Sen. Barack Obama's speech, "What's Possible for Our Children," was delivered at Mapleton Expeditionary School of the Arts in Thornton, Colorado on Wednesday:
"It's an honor to be here at Mapleton Expeditionary School of the Arts. Just three years ago, only half of the high school seniors who walked the halls of this building were accepted to college. But today, thanks to the hard work of caring parents, innovative educators and some very committed students, all 44 seniors of this year's class have been accepted to more than 70 colleges and universities across the country.
I'm here to congratulate you on this achievement, but also to hold up this school and these students as an example of what's possible in education if we're willing to break free from the tired thinking and political stalemate that's dominated Washington for decades, if we're willing to try new ideas and new reforms based not on ideology but on what works to give our children the best possible chance in life.
At this defining moment in our history, they've never needed that chance more. In a world where good jobs can be located anywhere there's an Internet connection— where a child in Denver is competing with children in Beijing and Bangalore — the most valuable skill you can sell is your knowledge. Education is the currency of the Information Age, no longer just a pathway to opportunity and success but a prerequisite. There simply aren't as many jobs today that can support a family where only a high school degree is required. And if you don't have that degree, there are even fewer jobs available that can keep you out of poverty.
In this kind of economy, countries who out-educate us today will out-compete us tomorrow. Already, China is graduating eight times as many engineers as we are. By 12th grade, our children score lower on math and science tests than most other kids in the world. And we now have one of the highest high school dropout rates of any industrialized nation in the world. In fact, if the more than 16,000 Colorado students who dropped out of high school last year had only finished, the economy in this state would have seen an additional $4.1 billion in wages over these students' lifetimes.
There is still much progress to be made here in Thornton, but the work you've done shows us that we do not accept this future for America.
We don't have to accept an America where we do nothing about six million students who are reading below their grade level.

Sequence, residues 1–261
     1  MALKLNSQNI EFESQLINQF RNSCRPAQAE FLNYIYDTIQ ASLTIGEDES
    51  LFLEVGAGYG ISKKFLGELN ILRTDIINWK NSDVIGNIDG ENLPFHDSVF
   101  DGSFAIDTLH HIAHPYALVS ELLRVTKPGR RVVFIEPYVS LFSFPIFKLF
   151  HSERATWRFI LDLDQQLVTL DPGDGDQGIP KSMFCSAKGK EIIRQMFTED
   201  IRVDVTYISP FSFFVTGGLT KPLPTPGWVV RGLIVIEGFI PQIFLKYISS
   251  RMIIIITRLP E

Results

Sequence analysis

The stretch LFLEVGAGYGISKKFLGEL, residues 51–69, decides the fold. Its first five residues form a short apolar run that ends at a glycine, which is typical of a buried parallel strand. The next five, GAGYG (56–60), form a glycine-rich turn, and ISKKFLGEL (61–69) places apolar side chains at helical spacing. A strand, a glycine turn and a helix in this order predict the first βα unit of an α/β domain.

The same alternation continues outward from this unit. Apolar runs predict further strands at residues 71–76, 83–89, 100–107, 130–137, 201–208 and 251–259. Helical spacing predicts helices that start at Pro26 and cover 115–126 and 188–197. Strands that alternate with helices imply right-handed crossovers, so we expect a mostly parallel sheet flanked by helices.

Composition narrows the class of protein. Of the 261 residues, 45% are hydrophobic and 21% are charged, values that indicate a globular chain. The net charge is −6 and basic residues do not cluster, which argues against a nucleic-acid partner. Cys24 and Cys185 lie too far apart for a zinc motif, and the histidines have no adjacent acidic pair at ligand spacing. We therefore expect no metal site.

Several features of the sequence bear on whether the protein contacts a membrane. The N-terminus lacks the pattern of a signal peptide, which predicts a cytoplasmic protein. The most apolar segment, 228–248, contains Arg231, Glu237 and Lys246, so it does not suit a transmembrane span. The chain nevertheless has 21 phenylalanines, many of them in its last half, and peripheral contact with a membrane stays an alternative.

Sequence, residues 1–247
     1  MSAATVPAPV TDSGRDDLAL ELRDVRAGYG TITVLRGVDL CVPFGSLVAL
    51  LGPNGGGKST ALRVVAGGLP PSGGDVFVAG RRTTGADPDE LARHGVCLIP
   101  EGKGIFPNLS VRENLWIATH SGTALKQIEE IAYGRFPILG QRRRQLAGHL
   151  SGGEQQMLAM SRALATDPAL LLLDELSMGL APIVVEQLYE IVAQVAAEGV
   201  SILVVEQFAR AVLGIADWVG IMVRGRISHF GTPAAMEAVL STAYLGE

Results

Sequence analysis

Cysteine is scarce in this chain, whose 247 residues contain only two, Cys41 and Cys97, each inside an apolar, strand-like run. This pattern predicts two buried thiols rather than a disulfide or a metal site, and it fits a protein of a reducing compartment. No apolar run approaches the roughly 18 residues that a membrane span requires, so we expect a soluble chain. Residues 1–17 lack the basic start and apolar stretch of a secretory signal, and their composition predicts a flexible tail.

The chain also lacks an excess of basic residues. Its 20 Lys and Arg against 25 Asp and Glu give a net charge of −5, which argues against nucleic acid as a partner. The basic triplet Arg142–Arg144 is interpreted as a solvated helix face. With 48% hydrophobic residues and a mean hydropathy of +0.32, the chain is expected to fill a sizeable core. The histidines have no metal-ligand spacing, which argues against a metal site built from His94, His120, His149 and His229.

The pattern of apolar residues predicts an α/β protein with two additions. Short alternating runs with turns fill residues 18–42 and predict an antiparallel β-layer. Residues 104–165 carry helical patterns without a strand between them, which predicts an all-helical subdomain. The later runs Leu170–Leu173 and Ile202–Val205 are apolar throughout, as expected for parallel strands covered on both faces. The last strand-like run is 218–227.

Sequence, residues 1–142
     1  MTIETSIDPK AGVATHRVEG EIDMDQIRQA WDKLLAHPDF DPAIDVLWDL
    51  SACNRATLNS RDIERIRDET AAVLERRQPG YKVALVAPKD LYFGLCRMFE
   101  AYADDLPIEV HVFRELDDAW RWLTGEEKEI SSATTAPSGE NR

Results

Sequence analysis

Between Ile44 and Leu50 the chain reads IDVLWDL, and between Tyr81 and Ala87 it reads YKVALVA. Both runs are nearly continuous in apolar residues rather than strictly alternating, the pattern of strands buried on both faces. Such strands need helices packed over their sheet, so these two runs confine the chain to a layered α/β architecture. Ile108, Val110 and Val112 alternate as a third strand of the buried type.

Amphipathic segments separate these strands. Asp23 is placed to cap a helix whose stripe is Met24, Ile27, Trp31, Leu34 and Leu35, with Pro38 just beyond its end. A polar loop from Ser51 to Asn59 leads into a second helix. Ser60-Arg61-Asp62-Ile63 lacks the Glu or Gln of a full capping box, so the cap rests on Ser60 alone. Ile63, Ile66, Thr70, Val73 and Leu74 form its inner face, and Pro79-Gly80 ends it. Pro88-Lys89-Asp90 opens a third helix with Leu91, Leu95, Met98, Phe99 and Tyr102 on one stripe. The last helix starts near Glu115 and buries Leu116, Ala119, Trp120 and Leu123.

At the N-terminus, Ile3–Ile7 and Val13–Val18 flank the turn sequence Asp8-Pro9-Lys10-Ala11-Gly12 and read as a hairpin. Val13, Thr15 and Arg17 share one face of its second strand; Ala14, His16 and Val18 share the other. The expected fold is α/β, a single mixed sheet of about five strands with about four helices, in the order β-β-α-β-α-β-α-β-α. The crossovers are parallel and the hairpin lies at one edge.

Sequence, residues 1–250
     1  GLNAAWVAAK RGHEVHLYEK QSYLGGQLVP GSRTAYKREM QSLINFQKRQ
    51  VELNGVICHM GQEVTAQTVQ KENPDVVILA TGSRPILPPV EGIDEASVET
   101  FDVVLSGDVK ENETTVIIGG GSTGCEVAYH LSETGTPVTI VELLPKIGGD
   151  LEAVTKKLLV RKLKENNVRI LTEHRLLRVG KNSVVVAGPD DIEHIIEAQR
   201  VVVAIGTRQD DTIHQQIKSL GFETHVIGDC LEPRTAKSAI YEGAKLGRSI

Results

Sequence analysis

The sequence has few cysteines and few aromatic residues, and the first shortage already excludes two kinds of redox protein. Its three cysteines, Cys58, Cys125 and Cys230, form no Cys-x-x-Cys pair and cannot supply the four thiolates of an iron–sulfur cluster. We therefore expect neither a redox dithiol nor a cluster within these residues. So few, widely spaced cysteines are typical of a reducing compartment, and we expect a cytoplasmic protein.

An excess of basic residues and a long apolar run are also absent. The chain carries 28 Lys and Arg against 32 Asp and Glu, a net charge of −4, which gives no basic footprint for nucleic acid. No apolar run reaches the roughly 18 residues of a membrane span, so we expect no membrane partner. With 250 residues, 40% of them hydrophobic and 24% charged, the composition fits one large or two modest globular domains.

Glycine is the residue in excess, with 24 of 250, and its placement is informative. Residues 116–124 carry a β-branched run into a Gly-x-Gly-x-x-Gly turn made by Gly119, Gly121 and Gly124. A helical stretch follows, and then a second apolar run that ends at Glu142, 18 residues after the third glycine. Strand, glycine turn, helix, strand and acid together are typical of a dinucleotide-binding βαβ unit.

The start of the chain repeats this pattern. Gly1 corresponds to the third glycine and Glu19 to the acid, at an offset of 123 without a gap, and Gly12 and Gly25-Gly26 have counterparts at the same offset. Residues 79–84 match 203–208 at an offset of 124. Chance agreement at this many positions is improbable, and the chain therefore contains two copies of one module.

We don't have to accept an America where only 20 percent of our students are prepared to take college-level classes in English, math and science. Where barely one in 10 low-income students will ever graduate from college.
We don’t have to accept an America where we do nothing about the fact that half of all teenagers are unable to understand basic fractions. Where nearly nine in 10 African-American and Latino eighth-graders are not proficient in math. We don't have to accept an America where elementary school kids are only getting an average of 25 minutes of science each day when we know that over 80 percent of the fastest-growing jobs require a knowledge base in math and science.
This kind of America is morally unacceptable for our children. It's economically untenable for our future. And it's not who we are as a nation.
We are the nation that has always understood that our future is inextricably linked to the education of our children — all of them. We are the country that has always believed in Thomas Jefferson's declaration that "talent and virtue, needed in a free society, should be educated regardless of wealth or birth."
That's who we are. And that's why I believe it's time to lead a new era of mutual responsibility in education, one where we all come together for the sake of our children's success. An era where each of us does our part to make that success a reality: parents and teachers, leaders in Washington and citizens all across America.
This starts with fixing the broken promises of No Child Left Behind. Now, I believe that the goals of this law were the right ones. Making a promise to educate every child with an excellent teacher is right. Closing the achievement gap that exists in too many cities and rural areas is right. More accountability is right. Higher standards are right.
But I'll tell you what's wrong with No Child Left Behind. Forcing our teachers, our principals and our schools to accomplish all of this without the resources they need is wrong. Promising high-quality teachers in every classroom and then leaving the support and the pay for those teachers behind is wrong. Labeling a school and its students as failures one day and then throwing your hands up and walking away from them the next is wrong.